Health Information Management

A Note from the Instructors: Transitioning to the CDI role

CDI Strategies, March 24, 2016

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By Sharme Brodie, RN, CCDS

Usually the attendees in the basic CDI Boot Camp are brand new to the role—many haven’t even started their position prior to attending the class. As the class goes on (by the end of the second day or beginning of the third day) I start to see the changes in their facial expressions and body language. I know right then that they are thinking: “What did I get myself into?” and “How do I get out?”

It’s usually  when I have a conversation about the position having a steep learning curve, even for the most experienced professionals. For those who hail from nursing backgrounds, we discuss that many will mourn the loss of that daily patient interaction as they transition from taking care of patients and their families to writing queries.

The CDI position includes perks which draw many of us to this role: no weekends, no nights, limited holidays. And let’s not forget less pain and punishment to our bodies now that we no longer have to lift patients or push beds. Although this might be what originally pulls you into this position, believe me, it will not be why you stay.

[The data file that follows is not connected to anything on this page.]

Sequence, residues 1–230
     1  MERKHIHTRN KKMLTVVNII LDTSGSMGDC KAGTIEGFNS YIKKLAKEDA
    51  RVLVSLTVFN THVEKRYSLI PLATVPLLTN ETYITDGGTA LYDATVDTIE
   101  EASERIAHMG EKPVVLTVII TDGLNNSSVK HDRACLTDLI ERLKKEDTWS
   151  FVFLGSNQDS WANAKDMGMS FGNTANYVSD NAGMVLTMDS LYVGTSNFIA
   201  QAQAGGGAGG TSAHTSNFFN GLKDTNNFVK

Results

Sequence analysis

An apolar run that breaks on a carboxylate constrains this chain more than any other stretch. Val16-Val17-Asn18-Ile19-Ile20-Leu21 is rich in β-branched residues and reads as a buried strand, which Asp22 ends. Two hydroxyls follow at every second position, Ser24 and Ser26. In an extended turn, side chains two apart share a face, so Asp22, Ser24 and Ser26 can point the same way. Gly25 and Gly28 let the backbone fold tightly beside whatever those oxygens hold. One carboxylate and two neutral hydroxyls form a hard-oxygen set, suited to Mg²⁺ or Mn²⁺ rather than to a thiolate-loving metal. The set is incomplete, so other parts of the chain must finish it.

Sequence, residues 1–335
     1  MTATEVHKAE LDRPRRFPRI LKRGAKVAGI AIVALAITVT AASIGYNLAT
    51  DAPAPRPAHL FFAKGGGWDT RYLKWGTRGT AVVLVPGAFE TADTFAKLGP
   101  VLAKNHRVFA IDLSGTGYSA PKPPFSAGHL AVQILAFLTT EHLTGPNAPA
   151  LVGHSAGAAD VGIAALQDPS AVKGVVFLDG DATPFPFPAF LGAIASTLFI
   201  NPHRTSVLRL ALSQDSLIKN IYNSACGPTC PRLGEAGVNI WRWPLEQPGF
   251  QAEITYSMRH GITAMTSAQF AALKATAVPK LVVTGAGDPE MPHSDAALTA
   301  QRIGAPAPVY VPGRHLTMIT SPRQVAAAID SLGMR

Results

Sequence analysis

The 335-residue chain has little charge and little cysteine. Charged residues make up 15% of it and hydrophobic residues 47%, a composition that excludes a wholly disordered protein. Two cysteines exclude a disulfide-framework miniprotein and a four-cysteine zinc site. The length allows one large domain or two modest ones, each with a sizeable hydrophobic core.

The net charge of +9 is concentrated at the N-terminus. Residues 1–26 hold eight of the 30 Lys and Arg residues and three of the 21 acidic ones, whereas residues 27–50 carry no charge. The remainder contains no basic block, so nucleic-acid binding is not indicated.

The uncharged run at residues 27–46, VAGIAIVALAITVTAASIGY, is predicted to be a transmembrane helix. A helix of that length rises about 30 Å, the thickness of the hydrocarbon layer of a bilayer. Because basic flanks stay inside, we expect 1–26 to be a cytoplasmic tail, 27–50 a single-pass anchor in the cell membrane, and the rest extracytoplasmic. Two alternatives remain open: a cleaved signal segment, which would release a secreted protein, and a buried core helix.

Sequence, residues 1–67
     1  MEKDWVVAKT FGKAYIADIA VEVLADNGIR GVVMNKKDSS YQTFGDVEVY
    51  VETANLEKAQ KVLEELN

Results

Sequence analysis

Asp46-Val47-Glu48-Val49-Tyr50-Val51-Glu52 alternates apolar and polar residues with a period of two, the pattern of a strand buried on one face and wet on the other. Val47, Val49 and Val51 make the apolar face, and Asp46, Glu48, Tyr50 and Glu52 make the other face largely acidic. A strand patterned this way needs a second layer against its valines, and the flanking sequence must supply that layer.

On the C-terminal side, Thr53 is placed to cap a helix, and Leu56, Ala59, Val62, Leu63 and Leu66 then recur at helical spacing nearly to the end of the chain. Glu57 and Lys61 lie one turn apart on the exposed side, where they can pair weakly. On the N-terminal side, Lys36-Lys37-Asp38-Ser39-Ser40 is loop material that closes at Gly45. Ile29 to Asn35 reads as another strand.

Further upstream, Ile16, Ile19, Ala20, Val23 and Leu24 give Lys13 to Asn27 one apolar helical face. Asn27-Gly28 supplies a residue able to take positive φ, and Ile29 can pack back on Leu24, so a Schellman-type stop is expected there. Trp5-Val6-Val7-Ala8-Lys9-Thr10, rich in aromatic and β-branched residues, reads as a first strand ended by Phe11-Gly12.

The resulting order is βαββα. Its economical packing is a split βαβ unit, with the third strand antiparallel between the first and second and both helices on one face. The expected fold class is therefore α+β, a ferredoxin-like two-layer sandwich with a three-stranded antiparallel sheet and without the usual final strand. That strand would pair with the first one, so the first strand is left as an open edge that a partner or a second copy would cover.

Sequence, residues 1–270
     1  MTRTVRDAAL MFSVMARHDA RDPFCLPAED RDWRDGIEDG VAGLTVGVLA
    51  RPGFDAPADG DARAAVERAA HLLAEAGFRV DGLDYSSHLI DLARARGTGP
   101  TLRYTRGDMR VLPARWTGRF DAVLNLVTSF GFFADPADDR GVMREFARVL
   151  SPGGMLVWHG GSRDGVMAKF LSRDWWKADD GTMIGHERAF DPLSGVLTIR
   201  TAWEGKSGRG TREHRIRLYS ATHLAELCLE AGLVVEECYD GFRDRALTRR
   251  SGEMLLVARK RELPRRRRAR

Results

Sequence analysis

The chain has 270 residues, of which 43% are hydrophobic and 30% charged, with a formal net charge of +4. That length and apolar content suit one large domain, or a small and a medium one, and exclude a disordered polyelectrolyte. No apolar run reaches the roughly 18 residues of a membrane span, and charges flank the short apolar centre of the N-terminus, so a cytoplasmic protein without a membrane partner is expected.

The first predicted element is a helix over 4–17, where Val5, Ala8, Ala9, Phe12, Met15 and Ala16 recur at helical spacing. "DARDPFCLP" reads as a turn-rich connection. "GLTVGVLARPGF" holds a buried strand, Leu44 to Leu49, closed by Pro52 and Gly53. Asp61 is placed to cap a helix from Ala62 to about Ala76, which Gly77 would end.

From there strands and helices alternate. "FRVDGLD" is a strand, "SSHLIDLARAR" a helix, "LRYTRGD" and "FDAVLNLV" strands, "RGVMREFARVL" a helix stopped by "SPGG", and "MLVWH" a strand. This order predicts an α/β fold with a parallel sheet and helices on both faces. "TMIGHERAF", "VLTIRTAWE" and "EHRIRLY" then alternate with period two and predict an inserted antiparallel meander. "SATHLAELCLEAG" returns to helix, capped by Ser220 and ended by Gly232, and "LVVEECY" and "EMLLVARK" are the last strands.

Most CDI specialists who stay pass the first six to nine months (when the lessons of this new profession are at their most overwhelming) will start to feel like they are coming out of a tunnel. The training you receive will start to make sense. Then, somewhere between nine months and a year, you become confident in what you are doing, and actually start to really enjoy the position. It may not be saving lives but it is a very important position.

We help our organizations keep the money they earned so they can continue to take care of the patients that come through the doors. We have an impact on budgets that pay for supplies, staff members, and improvements made to the facilities. We improve physician and hospital profiles, which helps families and the community. Most importantly, we affect quality of care, and the quality of the patients’ charts by making sure all of the documentation is accurate.

We might not be part of the core bedside team anymore, but this job is important for the organization as a whole.

If you are thinking about joining the CDI ranks, whatever your background may be, just remember it does take time to learn and acquire the skills you will need to be a good CDI specialist. The learning curve may be steep, but it’s not impossible. And, in the end, you will really enjoy the challenge. 


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